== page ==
After a thrilling Daytona 500, all that’s fit to recap will occur in the series premiere of NBC Sports Group’s new nightly half-hour show, NASCAR AMERICA. It’s on at 5 p.m. ET on NBCSN.
Daniel Ricciardo has given a thumbs-up to the Red Bull-designed ‘aeroscreen’ cockpit protection device after giving it its first public trial in Russia on Friday.
Cockpit safety has been high on the FIA’s agenda following the deaths of Formula 1 driver Jules Bianchi and IndyCar’s Justin Wilson in 2015 from head injuries sustained while racing.
There are two leading solutions to improving cockpit safety: the ‘Halo’, which made its public debut in F1 pre-season testing, and the ‘aeroscreen’ that broke cover on Friday.
Ricciardo completed an installation run with the aeroscreen attached to his car, leading to a mixed response from the paddock, but the Australian reported that visibility was still good in the cockpit.
“I think in terms of visibility it was pretty good,” Ricciardo said.
“The peripheral vision was fine. The structure is by the mirrors, so you’re not really hindered.
“It’s just a bit weird having a structure there. I had a Ferrari driving in front of me and the points on track seemed pretty much unaltered. For sure, it’s different, but the crux of it was pretty good.”
Ricciardo does not think that the height of the aeroscreen would change a driver’s view of the starting lights from the front row of the grid.
“I tried to have a look around and see. It seemed pretty high up,” Ricciardo said.
“If I was to stop on starting grid, I don’t think it would hinder vision.”
The aeroscreen and the Halo are both under consideration for possible implementation in 2017, with a decision set to be made in the near future regarding next season’s technical regulations.
With the Verizon IndyCar Series and Mazda Road to Indy now off until the Angie’s List Grand Prix of Indianapolis weekend May 12-14 at the Indianapolis Motor Speedway, it’s a break for Scott Dixon and Felix Rosenqvist.
Not so, a break for Stefan Johansson, the F1 veteran-turned their driver manager and also the sporting director for Scuderia Corsa.
The Los Angeles-based sports car team heads up the California coast to Mazda Raceway Laguna Seca this weekend for the IMSA WeatherTech SportsCar Championship race in Monterey, where once again the team’s Ferrari 488 GTE and GT3 variants will compete in separate GT Le Mans and GT Daytona class races.
Johansson has checked in with Jan Tegler for a catch-up following F1’s Chinese Grand Prix, and the last two IndyCar races of the year in Long Beach and Barber.
While the racing is part of Johansson’s latest blog entry, the majority centers on rules, regulations and recent comments from F1 supremo Bernie Ecclestone about whether female drivers could make it in F1.
Although the first round of 2017 regulations have been confirmed with today’s earlier news that new engine regulations have been signed off on for a four-year period from 2017 to 2020, Johansson is skeptical that as long as the teams are involved, there won’t be a consensus when it comes to the new technical regulations.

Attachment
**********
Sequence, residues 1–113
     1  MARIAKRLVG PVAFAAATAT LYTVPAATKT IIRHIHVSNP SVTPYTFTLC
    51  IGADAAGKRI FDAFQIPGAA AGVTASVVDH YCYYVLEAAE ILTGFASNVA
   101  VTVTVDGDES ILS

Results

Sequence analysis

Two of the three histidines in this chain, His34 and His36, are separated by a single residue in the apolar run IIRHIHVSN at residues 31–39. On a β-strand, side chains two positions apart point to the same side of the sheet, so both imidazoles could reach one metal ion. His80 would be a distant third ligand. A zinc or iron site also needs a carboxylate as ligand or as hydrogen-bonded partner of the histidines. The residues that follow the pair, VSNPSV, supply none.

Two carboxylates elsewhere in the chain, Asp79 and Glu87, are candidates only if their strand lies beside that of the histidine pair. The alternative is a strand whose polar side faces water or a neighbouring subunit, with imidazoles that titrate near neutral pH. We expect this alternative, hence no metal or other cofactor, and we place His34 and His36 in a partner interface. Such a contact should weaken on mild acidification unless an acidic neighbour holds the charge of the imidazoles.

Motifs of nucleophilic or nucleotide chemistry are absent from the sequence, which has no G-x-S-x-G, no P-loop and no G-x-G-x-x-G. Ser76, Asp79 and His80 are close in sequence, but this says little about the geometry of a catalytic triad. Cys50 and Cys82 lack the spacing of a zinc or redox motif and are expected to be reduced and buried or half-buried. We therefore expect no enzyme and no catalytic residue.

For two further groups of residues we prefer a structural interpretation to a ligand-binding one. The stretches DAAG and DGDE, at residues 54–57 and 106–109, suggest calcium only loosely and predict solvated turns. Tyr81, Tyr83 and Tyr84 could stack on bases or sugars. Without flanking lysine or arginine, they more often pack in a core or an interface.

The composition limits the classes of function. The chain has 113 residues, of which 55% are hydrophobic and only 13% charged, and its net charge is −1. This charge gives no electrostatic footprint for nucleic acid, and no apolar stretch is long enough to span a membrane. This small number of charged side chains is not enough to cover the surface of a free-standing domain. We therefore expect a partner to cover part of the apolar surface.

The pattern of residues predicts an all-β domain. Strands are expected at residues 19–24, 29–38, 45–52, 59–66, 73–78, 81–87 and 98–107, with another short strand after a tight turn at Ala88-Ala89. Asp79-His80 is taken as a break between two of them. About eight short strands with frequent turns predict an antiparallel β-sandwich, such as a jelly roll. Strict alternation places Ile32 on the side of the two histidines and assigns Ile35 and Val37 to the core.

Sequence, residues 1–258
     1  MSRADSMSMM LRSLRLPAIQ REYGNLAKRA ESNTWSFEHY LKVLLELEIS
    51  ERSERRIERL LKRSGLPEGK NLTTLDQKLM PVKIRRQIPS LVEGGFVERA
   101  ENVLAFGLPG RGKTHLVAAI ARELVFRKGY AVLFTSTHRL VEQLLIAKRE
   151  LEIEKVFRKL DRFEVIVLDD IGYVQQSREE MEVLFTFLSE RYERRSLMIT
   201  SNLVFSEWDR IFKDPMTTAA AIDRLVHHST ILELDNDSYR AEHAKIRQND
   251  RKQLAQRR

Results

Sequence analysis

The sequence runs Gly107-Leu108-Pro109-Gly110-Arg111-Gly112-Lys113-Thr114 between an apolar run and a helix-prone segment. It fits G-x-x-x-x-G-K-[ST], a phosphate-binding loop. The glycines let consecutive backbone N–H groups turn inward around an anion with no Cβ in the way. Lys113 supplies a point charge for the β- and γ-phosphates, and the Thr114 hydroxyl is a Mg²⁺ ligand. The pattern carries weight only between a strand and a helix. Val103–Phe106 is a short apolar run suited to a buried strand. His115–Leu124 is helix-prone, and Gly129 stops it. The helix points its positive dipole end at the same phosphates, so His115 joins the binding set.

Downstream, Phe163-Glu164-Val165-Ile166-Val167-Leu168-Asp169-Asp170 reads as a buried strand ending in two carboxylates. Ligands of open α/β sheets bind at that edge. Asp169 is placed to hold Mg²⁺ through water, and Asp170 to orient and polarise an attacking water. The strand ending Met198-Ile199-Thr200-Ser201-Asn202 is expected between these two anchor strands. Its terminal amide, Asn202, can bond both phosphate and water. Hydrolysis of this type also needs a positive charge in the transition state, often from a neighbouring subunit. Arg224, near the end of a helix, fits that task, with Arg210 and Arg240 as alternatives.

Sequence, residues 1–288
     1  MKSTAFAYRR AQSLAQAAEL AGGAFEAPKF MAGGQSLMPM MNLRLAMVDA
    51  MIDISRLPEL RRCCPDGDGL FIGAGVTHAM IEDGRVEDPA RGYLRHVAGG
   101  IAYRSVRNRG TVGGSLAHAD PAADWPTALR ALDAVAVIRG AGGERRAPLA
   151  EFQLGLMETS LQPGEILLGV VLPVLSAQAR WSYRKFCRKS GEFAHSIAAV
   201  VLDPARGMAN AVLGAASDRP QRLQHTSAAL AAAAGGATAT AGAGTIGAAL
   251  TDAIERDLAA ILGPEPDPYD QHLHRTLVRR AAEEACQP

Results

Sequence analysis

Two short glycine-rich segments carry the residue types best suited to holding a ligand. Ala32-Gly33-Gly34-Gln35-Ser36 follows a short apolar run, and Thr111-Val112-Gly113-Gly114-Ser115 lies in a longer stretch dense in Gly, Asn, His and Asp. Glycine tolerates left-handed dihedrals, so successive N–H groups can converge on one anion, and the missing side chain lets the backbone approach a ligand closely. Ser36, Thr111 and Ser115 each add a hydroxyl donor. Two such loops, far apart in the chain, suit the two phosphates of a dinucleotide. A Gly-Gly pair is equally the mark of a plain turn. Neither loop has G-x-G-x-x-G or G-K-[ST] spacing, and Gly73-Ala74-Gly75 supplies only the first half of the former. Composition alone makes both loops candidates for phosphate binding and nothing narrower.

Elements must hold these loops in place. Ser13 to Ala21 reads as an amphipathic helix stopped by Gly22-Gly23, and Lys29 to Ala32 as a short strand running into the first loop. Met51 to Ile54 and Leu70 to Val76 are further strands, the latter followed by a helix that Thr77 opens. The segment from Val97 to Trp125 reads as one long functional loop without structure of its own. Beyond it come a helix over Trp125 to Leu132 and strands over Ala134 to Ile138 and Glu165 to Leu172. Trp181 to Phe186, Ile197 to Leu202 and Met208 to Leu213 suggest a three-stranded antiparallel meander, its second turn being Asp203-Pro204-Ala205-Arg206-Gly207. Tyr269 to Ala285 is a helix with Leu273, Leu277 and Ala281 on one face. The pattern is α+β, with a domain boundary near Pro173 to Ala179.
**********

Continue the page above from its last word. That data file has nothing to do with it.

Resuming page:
“I don’t think we’ll see anything of any substance,” Johansson writes. “I’ve been saying it for three years now but it will be the same old thing. You have to get the teams out of the decision making process or nothing will happen. They can’t agree on anything.
“If something does come out the meeting it will be a half-baked compromise that will drive costs even higher and make the racing even more complicated. There won’t be a simple solution. It will be something so convoluted and expensive that it would be better if they did nothing.”
Johansson added that rules stability is needed more than a shakeup; inevitably the more rules change, the more costs increase to keep pace with the changes.
Officiating was in the crosshairs at Long Beach, when an official warning was assessed to Simon Pagenaud rather than any sort of official penalty – drive-through or otherwise – for when Pagenaud violated the Lane Usage rule in INDYCAR’s rulebook.
While Johansson disagreed with what Pagenaud was assessed, he also said INDYCAR Race Control was almost put into an untenable position anyway because of the way the rulebook – and INDYCAR’s new-for-2016 Penalty Guidelines sheet – is written.
“Long Beach was interesting and confusing,” Johansson admits. “I ended up having a long conversation with Max Papis (one of the three stewards along with Arie Luyendyk and Dan Davis) about it because no one could understand their illogical decision.
“As stupid as it may sound, I think the bottom line is that they’ve been handed such a convoluted set of rules that they just couldn’t act because there wasn’t anything in the rulebook that applied to this particular situation. Which is totally bizarre as this must be one of the easiest rules of all to enforce.”
Like others within the INDYCAR paddock, Johansson argues a clearer, more black-and-white form of rules will be a better way towards officiating in the future.
“I just wish they could make decisions and then stand behind them rather than the wishy-washy situation we have now. No one knows where they stand,” he writes.
He did give credit to Race Control for staying out of the way at Barber, as Pagenaud and Graham Rahal enjoyed a spirited battle for the win in the final 10 laps.
“The racing between Pagenaud and Rahal was just that, hard racing. To me, their contact was a racing incident. In this case, I’m glad IndyCar didn’t issue a bunch of penalties. You have to let drivers race sometimes,” he writes.
When it comes to female drivers in racing, Johansson says it isn’t gender that’s holding them back: it’s pure numerology.